The view from Ozone, looking SW to Central and
over The Peak to the South China Sea
|“Whenever the impossible has been eliminated |
whatever remains, however improbable, must be the truth”
I listened to the link on your blog with the interview of Jeffrey Sachs. Comments as follows:
- Prof Sachs sounds like a younger version of Chromsky. The US is the source of all evil in the world. And the CIA is the tip of the spear.
- Sachs does support well the case by the writer alleging that the US was behind the blow up of the pipelines.
- Sachs ends with the statement that diplomacy must prevail. Don’t we all agree with that. But we also must be realistic here, which the good professor seems to ignore. We are dealing with an imperialistic dictator who, in my estimation, will only stop if 1) he gets what he wants or 2) is removed from power.
- However, in the end, I am still not convinced that the US did this, and refer you to the interesting podcast by Anders Puck Nielsen that I sent you the link to.
Would like to hear your thoughts.
Let’s have a look at the evidence.
- "It was Russia": Anders Puck Nielsen, Videos: (1) Nordstream sabotage, 5 Oct 2022. (2) Why is the West not reacting? 9 Feb 2023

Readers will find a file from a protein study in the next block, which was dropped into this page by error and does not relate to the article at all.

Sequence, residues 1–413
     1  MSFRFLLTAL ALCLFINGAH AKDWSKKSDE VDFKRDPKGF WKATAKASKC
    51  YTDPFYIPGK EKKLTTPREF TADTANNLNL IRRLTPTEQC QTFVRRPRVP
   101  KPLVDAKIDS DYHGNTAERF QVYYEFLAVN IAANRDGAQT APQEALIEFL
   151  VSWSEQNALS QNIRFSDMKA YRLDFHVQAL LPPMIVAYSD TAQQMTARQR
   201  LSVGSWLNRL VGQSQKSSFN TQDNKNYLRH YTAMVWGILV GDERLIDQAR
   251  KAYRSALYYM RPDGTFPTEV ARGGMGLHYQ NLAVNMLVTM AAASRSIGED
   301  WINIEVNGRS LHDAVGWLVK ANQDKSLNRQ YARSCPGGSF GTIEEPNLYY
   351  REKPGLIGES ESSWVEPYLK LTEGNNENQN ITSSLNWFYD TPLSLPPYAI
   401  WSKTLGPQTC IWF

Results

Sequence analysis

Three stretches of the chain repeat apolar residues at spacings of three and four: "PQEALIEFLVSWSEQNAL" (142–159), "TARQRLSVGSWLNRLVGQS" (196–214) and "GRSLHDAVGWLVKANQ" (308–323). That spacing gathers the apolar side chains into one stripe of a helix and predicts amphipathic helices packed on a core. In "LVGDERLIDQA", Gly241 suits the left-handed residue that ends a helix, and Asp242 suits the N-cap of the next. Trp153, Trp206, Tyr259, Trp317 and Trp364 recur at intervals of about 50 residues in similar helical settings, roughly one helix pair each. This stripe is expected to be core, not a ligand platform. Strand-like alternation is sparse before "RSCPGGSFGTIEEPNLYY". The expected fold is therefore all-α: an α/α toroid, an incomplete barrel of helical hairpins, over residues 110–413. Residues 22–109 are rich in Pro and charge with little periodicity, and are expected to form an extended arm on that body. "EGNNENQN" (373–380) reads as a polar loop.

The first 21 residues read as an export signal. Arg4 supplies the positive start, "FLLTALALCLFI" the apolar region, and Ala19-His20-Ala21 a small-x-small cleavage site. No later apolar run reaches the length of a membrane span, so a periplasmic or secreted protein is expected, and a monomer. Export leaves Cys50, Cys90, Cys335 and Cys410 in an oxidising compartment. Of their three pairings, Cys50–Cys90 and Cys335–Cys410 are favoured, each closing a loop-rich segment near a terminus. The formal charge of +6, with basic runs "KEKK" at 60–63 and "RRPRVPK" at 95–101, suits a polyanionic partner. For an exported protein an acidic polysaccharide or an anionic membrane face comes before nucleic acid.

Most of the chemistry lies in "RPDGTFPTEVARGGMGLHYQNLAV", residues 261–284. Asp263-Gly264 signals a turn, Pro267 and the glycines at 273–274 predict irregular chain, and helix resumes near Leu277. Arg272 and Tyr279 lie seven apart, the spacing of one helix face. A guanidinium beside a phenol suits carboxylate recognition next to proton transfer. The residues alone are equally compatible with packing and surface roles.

- "It was the U.S.": (3) Seymore Hersh, How America Took Out The Nord Stream Pipeline, Substack, 8 Feb 2023. (4) Video with Democracy Now! 15 Feb 2023
Russia: according to Nielsen to foment a “hybrid war”. He says this is a tactic that is more often resorted to by someone who is losing, not one who is winning, per (1) above. Granted, but speculative. Moreover, it has failed, per Nielsen’s own assessment (2) above. That’s about the totality of Russia’s motive, according to Nielsen, as far as I understand.
The U.S.: according to many observers and as recounted by Hersh in his essay, (3), the motives are clear and powerful. A selection from Hersh:
President Joseph Biden saw the pipelines as a vehicle for Vladimir Putin to weaponize natural gas for his political and territorial ambitions....
From its earliest days, Nord Stream 1 was seen by Washington and its anti-Russian NATO partners as a threat to western dominance....
... state gas and oil revenues were estimated in some years to amount to as much as 45 percent of Russia’s annual budget.
America’s political fears were real: Putin would now have an additional and much-needed major source of income, and Germany and the rest of Western Europe would become addicted to low-cost natural gas supplied by Russia—while diminishing European reliance on America. In fact, that’s exactly what happened. Many Germans saw Nord Stream 1 as part of the deliverance of former Chancellor Willy Brandt’s famed Ostpolitik theory, which would enable postwar Germany to rehabilitate itself and other European nations destroyed in World War II by, among other initiatives, utilizing cheap Russian gas to fuel a prosperous Western European market and trading economy....